Apple has filed an application with the U.S. Federal Communications Commission to start testing 5G connectivity, laying the groundwork for its first capable hardware.
The company is hoping to test in the 28- and 39-gigahertz bands, using technology from Rohde & Schwarz, A.H. Systems, and Analog Devices, according to documents obtained by Business Insider. One test site will be at Yosemite Drive in Milpitas, Calif., while another will be on Mariani Avenue in Cupertino, next to Apple's headquarters at 1 Infinite Loop.
Apple expects to run tests for a period "not to exceed 12 months," which could imply that the company expects to support the technology in next year's "iPhone 9." U.S. carriers are unlikely to have any substantial 5G coverage until 2020 — but trials are getting underway this year, and internationally, South Korea's Samsung and KT should have 5G ready for the 2018 Winter Olympics in Pyeongchang.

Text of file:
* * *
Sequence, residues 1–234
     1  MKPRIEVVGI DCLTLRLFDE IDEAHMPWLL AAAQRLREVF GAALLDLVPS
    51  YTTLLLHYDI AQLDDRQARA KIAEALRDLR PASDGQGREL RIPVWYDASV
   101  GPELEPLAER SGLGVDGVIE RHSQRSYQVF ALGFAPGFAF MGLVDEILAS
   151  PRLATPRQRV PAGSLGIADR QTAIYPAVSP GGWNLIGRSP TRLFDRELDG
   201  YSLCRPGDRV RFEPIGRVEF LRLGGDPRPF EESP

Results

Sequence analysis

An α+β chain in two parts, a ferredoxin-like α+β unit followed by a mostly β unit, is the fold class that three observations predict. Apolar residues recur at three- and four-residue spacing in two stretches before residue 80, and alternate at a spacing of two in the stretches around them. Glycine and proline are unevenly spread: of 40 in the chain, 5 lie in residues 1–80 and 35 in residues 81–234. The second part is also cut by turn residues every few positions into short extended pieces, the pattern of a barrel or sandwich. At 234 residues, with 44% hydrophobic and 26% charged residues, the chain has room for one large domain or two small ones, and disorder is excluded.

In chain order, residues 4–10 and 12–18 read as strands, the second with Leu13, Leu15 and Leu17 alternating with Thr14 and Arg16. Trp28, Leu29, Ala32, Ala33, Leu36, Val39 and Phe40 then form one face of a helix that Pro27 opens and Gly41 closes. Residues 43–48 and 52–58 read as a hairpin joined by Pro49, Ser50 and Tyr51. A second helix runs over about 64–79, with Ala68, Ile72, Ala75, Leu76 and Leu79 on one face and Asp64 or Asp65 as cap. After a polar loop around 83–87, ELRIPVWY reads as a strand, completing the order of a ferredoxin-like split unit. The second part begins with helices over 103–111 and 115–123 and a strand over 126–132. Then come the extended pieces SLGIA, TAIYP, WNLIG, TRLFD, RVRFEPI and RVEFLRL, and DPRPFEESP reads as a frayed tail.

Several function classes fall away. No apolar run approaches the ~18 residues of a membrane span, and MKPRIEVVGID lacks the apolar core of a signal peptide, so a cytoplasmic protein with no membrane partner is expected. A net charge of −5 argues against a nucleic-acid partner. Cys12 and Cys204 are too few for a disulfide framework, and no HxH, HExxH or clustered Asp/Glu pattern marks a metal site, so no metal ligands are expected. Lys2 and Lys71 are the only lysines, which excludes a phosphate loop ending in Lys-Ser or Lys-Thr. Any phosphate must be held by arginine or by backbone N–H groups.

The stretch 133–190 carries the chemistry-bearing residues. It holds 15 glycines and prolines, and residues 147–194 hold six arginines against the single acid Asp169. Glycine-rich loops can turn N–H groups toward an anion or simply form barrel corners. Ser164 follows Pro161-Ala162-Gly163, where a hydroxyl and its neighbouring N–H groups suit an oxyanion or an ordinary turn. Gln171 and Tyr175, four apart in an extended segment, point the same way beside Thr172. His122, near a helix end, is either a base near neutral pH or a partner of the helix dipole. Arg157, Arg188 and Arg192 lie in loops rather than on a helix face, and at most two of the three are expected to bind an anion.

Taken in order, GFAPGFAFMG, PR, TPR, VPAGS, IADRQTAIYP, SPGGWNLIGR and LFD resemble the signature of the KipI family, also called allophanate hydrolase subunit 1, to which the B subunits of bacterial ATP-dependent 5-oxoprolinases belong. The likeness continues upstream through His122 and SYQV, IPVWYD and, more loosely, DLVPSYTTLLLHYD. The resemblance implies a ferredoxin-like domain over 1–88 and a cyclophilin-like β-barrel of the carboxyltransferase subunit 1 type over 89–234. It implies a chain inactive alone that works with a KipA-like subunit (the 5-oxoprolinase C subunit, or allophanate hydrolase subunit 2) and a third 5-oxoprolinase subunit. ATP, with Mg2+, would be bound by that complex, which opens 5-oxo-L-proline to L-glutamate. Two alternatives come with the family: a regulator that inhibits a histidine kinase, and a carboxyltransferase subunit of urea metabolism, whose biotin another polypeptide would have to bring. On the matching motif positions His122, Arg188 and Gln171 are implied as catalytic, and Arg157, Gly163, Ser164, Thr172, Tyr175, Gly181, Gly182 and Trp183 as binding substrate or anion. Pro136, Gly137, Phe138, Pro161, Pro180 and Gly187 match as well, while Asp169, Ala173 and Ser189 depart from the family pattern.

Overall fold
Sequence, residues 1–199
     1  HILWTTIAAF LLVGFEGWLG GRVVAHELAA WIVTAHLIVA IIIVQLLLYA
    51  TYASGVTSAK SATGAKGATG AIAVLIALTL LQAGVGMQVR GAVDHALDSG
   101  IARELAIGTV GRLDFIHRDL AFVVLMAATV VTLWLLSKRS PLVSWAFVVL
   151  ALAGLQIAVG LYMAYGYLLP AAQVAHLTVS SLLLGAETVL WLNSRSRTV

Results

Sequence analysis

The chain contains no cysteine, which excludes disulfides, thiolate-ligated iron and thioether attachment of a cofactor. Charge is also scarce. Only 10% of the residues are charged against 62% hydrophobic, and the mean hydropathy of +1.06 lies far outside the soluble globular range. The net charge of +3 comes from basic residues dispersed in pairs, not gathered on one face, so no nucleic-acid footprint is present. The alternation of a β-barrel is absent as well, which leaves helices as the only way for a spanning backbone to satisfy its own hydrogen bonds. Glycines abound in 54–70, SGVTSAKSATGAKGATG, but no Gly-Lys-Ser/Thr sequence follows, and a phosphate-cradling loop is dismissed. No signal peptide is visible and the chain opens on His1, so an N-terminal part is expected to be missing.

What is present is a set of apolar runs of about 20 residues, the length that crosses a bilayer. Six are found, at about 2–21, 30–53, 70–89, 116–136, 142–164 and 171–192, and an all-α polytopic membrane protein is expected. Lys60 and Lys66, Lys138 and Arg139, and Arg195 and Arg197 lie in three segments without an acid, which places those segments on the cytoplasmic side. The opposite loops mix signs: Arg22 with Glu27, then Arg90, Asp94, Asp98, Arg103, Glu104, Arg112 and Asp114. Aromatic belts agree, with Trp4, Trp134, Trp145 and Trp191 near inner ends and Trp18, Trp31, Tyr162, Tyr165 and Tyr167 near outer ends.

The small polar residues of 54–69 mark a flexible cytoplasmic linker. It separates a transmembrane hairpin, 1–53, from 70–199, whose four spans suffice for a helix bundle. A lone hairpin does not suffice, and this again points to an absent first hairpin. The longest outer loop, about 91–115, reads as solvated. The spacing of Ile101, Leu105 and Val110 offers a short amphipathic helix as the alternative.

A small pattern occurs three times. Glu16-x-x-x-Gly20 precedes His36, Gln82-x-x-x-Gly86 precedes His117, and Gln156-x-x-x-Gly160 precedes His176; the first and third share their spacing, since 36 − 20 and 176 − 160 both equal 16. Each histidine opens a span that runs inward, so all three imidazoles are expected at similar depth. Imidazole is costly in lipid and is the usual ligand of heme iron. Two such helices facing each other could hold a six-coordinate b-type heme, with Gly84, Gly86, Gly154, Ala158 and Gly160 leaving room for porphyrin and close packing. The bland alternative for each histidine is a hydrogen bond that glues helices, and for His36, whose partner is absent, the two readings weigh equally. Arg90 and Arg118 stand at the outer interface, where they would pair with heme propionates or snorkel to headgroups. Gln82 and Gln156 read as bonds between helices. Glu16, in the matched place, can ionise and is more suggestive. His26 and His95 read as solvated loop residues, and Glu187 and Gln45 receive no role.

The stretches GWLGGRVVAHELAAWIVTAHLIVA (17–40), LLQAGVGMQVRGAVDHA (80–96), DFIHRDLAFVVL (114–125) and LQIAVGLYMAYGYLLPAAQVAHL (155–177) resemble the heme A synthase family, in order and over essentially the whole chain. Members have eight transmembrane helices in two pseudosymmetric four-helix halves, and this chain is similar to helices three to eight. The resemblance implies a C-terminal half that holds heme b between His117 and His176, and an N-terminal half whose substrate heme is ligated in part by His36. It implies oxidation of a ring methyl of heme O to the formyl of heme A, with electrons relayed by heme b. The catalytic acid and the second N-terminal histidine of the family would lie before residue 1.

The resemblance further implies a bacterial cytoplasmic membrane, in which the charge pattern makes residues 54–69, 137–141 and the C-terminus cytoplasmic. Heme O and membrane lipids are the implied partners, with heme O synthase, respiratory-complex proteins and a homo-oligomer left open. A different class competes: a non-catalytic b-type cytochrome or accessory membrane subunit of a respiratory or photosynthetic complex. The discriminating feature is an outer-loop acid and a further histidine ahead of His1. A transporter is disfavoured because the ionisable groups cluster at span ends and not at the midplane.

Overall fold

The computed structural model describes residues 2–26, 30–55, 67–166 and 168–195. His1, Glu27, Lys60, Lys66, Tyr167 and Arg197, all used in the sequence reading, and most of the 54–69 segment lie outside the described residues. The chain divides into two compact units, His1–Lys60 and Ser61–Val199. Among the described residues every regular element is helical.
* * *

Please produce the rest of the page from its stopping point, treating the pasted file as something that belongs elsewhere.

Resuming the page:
Other phone makers are already working on support, among them Motorola, which is promising to ship the first compatible phones later in 2017.
5G connections should enable speeds far in excess of LTE, potentially upwards of 1 gigabit per second. That could once again put cellular connections ahead of most landlines and allow things that were previously considered difficult or impossible with LTE, such as virtual reality or remote surgery. Similarly, self-driving cars like Apple's project might be able to use 5G to fetch cloud data or communicate with other vehicles.
Notably, the 28-gigahertz band Apple is testing on is dedicated to ground-to-space transmissions. In April a report revealed that Apple had hired two executives from Google's satellite wing to form a "new hardware team."